Earthquake Aftershocks

Aftershocks are the smaller, but sometimes just as damaging, earthquakes that occur after the initial shock. They can continue for days, or sometimes for years, but they normally get smaller and less intense with time.

In some cases, the aftershock is actually stronger than the first earthquake. The aftershock is then designated as the original earthquake, and the first quake, a foreshock.

Aftershocks are the result of the earth’s crust around the fault plane trying to adjust to new positions, caused by the original quake. These fault planes or lines are fractures in the earth’s rock, where one side moves in relation to the other. When the energy is released due to this movement along the fault, an earthquake occurs.

Most aftershocks occur along the original fault plane or in adjoining faults caused by the stress of the earthquake. The actual rupture length and the distance of the aftershock are usually equal. This helps determine how extensive the original rupture was.

In 1894, Fusakichi Omori developed a formula for determining how the strength of the aftershock decreases, and, how long it will take.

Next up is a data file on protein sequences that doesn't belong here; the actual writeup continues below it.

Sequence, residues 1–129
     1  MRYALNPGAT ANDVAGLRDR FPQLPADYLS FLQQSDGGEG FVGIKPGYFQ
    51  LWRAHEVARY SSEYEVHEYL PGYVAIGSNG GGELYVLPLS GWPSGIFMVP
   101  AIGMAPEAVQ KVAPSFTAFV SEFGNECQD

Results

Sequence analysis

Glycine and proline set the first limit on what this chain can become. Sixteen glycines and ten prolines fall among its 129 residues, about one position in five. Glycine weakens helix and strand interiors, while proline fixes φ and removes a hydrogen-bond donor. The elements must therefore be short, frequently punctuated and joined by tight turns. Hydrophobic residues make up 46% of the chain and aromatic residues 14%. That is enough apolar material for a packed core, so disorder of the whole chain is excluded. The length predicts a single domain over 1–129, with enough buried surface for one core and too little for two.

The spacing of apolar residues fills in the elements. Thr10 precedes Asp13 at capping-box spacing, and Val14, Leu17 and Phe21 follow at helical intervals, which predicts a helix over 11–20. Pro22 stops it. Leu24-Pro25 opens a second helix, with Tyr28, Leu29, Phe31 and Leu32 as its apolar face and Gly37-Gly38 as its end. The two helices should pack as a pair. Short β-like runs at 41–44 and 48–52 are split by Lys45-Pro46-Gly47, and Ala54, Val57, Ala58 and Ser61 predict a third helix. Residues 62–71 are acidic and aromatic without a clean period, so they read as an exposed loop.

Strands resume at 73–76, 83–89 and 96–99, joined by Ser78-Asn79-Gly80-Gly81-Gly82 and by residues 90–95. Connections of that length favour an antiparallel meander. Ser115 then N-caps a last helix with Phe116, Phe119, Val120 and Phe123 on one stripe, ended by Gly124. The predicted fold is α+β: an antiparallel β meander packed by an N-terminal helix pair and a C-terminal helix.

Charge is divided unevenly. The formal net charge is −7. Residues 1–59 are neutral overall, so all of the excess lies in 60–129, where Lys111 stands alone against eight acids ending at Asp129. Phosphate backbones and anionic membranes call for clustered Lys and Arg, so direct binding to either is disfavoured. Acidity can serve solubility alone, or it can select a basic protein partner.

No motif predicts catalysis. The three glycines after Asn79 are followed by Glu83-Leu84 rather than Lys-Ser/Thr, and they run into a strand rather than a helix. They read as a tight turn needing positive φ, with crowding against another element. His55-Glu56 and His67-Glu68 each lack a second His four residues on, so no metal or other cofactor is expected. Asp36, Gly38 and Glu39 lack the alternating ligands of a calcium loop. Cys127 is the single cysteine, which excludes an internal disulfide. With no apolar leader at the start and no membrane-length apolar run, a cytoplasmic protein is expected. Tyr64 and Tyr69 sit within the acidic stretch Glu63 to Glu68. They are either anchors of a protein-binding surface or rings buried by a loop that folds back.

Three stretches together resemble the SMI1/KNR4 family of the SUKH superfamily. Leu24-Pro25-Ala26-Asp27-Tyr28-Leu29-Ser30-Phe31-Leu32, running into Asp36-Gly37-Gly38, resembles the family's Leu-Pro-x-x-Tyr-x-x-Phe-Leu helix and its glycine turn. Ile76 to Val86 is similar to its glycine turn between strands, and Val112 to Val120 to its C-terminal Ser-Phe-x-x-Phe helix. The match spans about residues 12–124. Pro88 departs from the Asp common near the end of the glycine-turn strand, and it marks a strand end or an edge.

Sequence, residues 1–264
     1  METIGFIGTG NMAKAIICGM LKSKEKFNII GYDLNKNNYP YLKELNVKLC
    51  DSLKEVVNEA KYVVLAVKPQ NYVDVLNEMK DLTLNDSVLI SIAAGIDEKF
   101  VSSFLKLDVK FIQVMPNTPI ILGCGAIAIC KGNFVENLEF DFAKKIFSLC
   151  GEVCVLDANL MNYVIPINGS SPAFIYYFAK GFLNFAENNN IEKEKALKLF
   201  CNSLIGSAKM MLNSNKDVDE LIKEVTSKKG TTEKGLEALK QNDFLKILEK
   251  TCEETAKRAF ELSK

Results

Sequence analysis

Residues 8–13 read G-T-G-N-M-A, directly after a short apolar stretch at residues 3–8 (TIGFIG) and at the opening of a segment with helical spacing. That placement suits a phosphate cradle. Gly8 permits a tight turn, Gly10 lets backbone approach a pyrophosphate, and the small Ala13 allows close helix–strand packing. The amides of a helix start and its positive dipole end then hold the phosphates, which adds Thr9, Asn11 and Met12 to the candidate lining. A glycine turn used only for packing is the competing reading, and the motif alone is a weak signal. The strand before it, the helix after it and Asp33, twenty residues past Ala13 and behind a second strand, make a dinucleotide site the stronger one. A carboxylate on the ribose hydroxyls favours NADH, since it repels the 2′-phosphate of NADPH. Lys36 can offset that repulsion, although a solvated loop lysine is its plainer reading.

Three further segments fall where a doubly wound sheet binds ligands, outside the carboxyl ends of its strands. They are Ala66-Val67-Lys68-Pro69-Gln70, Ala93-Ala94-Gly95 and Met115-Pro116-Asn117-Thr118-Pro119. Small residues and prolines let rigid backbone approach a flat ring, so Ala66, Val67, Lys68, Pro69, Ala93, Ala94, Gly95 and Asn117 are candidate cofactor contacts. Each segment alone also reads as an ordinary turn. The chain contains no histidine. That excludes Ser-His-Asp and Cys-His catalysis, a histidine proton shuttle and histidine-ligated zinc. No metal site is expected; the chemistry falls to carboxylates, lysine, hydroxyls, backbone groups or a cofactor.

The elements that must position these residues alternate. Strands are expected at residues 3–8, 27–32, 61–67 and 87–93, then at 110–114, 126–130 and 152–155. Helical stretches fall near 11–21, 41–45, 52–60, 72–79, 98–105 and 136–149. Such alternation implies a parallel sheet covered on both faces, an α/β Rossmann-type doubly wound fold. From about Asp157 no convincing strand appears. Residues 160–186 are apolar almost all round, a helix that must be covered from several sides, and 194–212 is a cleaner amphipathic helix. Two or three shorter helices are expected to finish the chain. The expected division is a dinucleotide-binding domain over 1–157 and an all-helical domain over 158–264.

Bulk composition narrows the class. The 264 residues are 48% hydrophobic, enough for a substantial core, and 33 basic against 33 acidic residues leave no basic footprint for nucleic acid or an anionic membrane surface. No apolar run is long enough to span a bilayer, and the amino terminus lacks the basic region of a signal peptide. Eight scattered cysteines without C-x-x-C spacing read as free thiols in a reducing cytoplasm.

According to Omori, the rate of the aftershocks decreases quickly. So, the odds of an aftershock on the second day will be half that of the first. This is not always the case, however, and, aftershocks are more often random.

Bath’s Law states that the difference between the main shock, and the aftershock are always constant, regardless of how the main shock measures on the Moment magnitude scale, which measure earthquake intensity. The difference between the largest aftershock and the main earthquake is usually 0.1 to 3, but normally around 1.2.

Aftershocks are as unpredictable as earthquakes. They may go on for years, as those around the San Andreas, and the New Madrid fault areas.

Sequences of aftershocks are no longer counted when the seismic activity has returned to normal. However, in the case of the San Andreas, and the New Madrid fault areas, the activity continues.

The New Madrid earthquakes, named for New Madrid, Missouri, occurred in 1811 and 1812. They are the largest intraplate earthquake series ever to occur in the United States. There is still movement in the rupture, and small aftershocks have been felt for the last two hundred years. Movement along this fault line is about .0079 inches per year.

The San Andreas fault line moves about 1.5 inches a year, and, it has been experiencing aftershocks for ten years.